He makes the point that categories and tags are somewhat redundant. I think that’s true in some cases, but I think this blog is a good example of where both could be useful. I often do “series” of posts, and I always have to manually link to other posts in the series. For example, I don’t want to create a new category for every new videogame or anime I cover, but each one takes up several posts spread out over a couple of weeks, and I’d love for readers to be able to check out the entire series if they show up in the middle. Bioshock. Fullmetal Alchemist. Quake 4. It would be super great if I could tag each series, those tags would appear automatically, and if it wouldn’t break my blog, make a mess, or take forever in the process.
Sure, users could search the blog for the series they’re interested in, but that’s not the same as having the link at the end of the post. Plus, searches will return posts that contain stuff like, “I liked this game almost as much as I liked Jade Empire”, which doesn’t really have any information on Jade Empire. In fact, a sentence like that sort of assumes you’ve already read my stuff on Jade Empire.
Fledge mentions the Ultimate Tag Warrior plugin, which I used. Once. For about an hour. It was painfully slow. I don’t know why. I didn’t try to debug it, I just shut it off. I’m not knocking the plugin, many people like and enjoy it. But for whatever reason, page loads took about five seconds when the plugin was active.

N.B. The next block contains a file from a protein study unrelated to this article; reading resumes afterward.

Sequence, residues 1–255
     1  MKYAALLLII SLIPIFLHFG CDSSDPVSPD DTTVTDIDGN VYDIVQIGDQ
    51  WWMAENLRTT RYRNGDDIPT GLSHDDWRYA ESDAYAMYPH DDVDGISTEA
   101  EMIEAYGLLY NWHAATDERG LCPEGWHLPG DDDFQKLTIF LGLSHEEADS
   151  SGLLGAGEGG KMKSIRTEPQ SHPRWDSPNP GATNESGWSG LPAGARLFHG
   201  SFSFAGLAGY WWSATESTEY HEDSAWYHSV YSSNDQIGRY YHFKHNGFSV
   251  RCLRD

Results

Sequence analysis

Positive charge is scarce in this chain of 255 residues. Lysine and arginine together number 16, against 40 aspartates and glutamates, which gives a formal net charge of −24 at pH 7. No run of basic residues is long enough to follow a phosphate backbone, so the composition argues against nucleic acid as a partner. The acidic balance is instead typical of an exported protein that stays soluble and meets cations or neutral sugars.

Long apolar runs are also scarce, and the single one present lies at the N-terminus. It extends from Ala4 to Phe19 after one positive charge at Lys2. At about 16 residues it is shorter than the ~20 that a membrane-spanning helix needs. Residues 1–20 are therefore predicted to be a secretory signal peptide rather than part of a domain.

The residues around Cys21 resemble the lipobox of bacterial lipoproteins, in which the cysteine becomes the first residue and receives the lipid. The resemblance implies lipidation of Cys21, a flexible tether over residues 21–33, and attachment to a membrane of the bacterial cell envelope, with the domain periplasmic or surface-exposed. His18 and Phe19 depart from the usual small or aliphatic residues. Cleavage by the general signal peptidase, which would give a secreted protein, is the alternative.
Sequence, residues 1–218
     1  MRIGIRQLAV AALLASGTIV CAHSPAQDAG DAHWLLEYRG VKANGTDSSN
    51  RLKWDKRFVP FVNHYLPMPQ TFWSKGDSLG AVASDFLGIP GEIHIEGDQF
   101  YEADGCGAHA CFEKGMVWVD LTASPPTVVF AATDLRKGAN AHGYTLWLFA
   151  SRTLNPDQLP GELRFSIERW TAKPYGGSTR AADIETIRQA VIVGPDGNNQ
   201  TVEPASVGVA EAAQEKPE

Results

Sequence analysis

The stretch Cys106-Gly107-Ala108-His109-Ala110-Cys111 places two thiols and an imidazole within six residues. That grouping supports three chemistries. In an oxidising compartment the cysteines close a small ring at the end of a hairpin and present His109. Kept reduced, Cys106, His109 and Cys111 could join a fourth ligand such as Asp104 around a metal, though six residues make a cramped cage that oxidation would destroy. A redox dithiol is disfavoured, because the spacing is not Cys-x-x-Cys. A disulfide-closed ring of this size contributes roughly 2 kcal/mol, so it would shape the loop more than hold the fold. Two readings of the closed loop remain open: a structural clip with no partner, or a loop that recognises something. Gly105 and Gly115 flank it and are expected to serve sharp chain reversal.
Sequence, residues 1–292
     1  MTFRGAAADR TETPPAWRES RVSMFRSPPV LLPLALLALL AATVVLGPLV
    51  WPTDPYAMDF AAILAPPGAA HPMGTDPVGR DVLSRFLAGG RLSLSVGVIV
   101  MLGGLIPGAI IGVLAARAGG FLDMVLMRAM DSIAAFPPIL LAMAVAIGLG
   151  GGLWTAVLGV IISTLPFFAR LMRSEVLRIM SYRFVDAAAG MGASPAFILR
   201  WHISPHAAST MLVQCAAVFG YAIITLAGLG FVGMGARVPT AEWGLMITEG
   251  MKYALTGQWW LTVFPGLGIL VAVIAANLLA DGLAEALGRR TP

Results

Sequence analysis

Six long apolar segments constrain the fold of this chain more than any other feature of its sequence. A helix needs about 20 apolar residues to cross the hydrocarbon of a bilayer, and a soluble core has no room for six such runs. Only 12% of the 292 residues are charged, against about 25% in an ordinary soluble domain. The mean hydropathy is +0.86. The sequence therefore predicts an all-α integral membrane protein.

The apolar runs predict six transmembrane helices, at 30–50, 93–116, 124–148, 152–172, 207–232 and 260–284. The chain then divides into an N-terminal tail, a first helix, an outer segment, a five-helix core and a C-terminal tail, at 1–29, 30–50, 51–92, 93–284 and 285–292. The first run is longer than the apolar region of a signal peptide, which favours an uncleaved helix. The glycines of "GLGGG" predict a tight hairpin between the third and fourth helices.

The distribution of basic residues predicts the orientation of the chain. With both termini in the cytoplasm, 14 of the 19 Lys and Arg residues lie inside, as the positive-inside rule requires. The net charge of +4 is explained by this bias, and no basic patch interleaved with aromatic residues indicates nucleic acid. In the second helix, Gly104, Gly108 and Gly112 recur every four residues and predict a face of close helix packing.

So, a little discussion:
Do you find tags useful on other blogs? Do you use them? Ignore them? Did you ever wish I had tags here?
And a tangent: Anyone else have problems with Dexter?
The Plot-Driven Door
You know how videogames sometimes do that thing where it's preposterously hard to go through a simple door? This one is really bad.
Batman v. Superman Wasn't All Bad
It's not a good movie, but it was made with good intentions and if you look closely you can find a few interesting ideas.
Steam Summer Blues
This mess of dross, confusion, and terrible UI design is the storefront the big publishers couldn't beat? Amazing.
Even allegedly smart people can make life-changing blunders that seem very, very obvious in retrospect.
Push the Button!
Scenes from Half-Life 2:Episode 2, showing Gordon Freeman being a jerk.